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February 21, 2014
After a weeklong stay, the Barrow Neurological Institute in Phoenix sent me on my way on Jan. 5 with five stitches, a titanium alloy plate in my neck and a hard plastic Össur Miami J cervical collar that will remain on my neck until late March. A few weeks later, I learned what I'd been charged for the Miami J: $447. Had I been given the chance, I could have purchased the brace online for less than $100. Allowing that sort of comparison shopping is one small thing policymakers could do to slow the growth of healthcare spending.
February 21, 2014 | By Rene Lynch
We all know plank position is good for us. But. Um. What if you lack the core strength needed to suck in the gut and engage the back, glutes and quad muscles - all while balancing between your toes and elbows? Answer: You slowly and carefully work your way up to it, says fitness expert Tosca Reno , author of the new book "The Start Here Diet. " What it does Plank position puts nearly every muscle in the body to work, especially the abs. It also helps create a mind-body connection as students learn to use opposing muscles to hold the position.
February 19, 2014 | By Steve Dilbeck
And for today's most hilarious Dodgers quote, we bring you Manager Don Mattingly: “I like platoons.” Right, and Chris Christie is crazy about the George Washington Bridge. But before you worry Mattingly has gone all Billy Beane on you, understand spring is about possibilities and managers get asked about a lot of them, few of which they're willing to take off the table. Particularly in February. So if Mattingly is asked whether he could foresee a scenario where rookie Alex Guerrero platoons at second base, what is he supposed to say?
February 17, 2014 | By Steven Zeitchik
It was a strange sight. After all this -- 16 years, five Winter Games and as many career obituaries as medals -- TV's most mercurial Olympics star, Bode Miller, was shown mainly as a man ... waiting. Yes, later there would be that cringe-inducing spectacle when a reporter prodded Miller so heavily about his late brother he fell to the ground in tears. It was a beyond-the-pale moment that tied in to a larger culture of death and victimhood (not to mention post-race grief-peddling)
February 16, 2014 | By Lisa Dillman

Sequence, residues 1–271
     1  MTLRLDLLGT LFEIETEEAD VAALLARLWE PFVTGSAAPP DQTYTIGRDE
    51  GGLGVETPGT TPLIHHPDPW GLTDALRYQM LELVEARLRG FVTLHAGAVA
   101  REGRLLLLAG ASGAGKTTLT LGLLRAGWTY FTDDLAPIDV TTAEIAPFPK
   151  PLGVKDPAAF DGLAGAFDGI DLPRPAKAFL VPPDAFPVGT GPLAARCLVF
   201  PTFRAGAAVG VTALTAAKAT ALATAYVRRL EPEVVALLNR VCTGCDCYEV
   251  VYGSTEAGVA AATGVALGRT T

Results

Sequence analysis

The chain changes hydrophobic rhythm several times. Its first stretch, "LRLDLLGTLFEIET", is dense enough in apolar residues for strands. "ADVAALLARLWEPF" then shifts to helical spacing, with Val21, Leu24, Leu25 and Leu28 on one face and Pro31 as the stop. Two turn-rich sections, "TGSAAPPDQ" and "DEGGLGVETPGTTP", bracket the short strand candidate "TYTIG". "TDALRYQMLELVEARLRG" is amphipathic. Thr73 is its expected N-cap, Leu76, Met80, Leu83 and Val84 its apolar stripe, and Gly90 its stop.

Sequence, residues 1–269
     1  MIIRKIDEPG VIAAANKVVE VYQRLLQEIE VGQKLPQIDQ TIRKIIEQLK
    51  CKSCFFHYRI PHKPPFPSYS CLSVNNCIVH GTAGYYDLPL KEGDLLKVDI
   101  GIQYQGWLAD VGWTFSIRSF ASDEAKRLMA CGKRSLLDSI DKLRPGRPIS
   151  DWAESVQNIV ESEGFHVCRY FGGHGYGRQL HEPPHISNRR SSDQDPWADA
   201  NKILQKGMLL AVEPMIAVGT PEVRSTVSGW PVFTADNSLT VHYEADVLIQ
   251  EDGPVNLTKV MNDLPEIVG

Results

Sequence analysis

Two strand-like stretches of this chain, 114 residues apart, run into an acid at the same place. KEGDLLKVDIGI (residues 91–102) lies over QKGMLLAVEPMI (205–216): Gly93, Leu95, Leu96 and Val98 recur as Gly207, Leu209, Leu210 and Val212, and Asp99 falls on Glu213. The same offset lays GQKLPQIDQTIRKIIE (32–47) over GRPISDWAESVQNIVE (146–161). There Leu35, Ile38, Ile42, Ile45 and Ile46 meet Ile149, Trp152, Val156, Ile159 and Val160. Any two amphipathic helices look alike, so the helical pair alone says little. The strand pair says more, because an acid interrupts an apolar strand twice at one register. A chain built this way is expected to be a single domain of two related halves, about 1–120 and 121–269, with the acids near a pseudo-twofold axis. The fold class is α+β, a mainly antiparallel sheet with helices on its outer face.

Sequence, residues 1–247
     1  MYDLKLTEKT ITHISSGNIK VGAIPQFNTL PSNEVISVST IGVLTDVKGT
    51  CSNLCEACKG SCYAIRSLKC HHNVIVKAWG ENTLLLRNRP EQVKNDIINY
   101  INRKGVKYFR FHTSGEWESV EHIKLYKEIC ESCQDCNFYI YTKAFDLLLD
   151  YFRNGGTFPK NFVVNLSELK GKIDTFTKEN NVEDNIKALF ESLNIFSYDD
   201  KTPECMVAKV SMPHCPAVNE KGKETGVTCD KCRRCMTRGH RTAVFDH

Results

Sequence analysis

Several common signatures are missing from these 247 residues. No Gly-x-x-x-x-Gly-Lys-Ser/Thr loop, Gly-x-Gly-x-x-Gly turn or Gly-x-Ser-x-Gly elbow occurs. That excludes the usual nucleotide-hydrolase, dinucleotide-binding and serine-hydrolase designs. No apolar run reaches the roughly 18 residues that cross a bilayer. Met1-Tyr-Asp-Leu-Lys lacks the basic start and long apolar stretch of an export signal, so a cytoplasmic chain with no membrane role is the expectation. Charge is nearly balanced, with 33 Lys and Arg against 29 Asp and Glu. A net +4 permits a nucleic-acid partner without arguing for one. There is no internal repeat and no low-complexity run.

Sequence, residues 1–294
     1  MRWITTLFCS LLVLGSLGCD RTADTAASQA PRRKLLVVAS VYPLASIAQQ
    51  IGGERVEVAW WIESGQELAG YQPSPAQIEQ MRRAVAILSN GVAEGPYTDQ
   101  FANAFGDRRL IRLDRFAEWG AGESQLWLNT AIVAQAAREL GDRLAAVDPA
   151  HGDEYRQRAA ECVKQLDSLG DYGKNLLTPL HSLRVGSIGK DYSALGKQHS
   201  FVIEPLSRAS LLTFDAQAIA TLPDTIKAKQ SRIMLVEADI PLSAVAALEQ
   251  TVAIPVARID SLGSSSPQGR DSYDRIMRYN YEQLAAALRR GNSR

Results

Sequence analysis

SOCHI, Russia -- He stunned people last week at the Olympics when he talked about having more concussions than his age, seeming blissfully unconcerned. There was the great leap over a moving train, while on a snowboard several years ago, much to the great displeasure of folks at Union Pacific. Recently, he ignited the Internet with a stunt at Travis Pastrana's compound in Maryland, blasting off a massive ramp, into the sky, seemingly headed for trouble and "kicked off a tree" before landing safely.
February 15, 2014 | By David Colker
Artist Nancy Holt's best-known work, "Sun Tunnels," is outdoors, huge and open to the public - but only a relatively small number of people have seen it in person. It sits on 40 acres of land she bought in a desolate part of the Great Basin Desert in northwest Utah, accessible only by dirt roads with no buildings in sight. There sit four massive concrete tubes, each weighing 22 tons and towering more than 9 feet tall. The tubes are precisely oriented to frame not only landscapes in the distance but also the ever-changing patterns of the sun and stars in the sky. By limiting what someone in a vast open space can see, Holt meant to make the universe more personal.
February 14, 2014 | Roy Wallack, Gear
If the five-toed shoe and the kettle bell were among the biggest innovations in workout gear in recent years, how do you make them better? That's the question that inventors face every day as they try to improve the seemingly unimprovable. Below, find four valiant - and fairly successful - new takes on old fitness standbys. Split-toe running shoe TOPO ATHLETIC Run Trainer: Ultralight low-rise running shoe with a split-toe "Tabi" design that separates the big toe from the rest of the foot, theoretically allowing it to move independently and work as a key stabilizer, amplifying the foot's natural biomechanics.
February 13, 2014 | By John Horn
Winning an Oscar - or just being nominated - can transform a Hollywood future. Yet just because some actors and filmmakers weren't shortlisted for an Academy Award doesn't mean their great work is going unrewarded. Critics have rightly pointed to 2013 as one of the best movie years in recent history. Consequently, the fields for top Oscars were impossibly crowded, with highly praised performances by Tom Hanks, Emma Thompson, Robert Redford and Oprah Winfrey left on the sidelines.
January 24, 2014 | By Kevin Baxter
  Picture the prototypical NFL coach. He'd probably look a lot like Hall of Famers Vince Lombardi or Tom Landry, roaming the sideline in a suit and fedora, jaw set permanently to scowl. Or maybe it's Bill Belichick, stationary in a hoodie and headphones, unsmiling and seemingly unimpressed. Now compare that with the hyperkinetic Pete Carroll, whose laid-back, players-first approach led the Seattle Seahawks to 15 victories and a Super Bowl berth this season.
January 24, 2014 | By David L. Ulin, Los Angeles Times Book Critic
The first time Armistead Maupin ended his "Tales of the City" serial - in 1989, with his sixth novel, "Sure of You" - he did it with a departure. Mary Ann Singleton, who had initiated the series by calling her mother in Cleveland to say she was staying in San Francisco, took a network TV job and left the Bay Area for New York. It was a sad if not unexpected outcome. In the 15 years since Maupin had first started writing about Mary Ann, her friends Michael, Mona, Brian and their irrepressible landlady, Anna Madrigal, a lot had happened: Anita Bryant, the People's Temple, AIDS.
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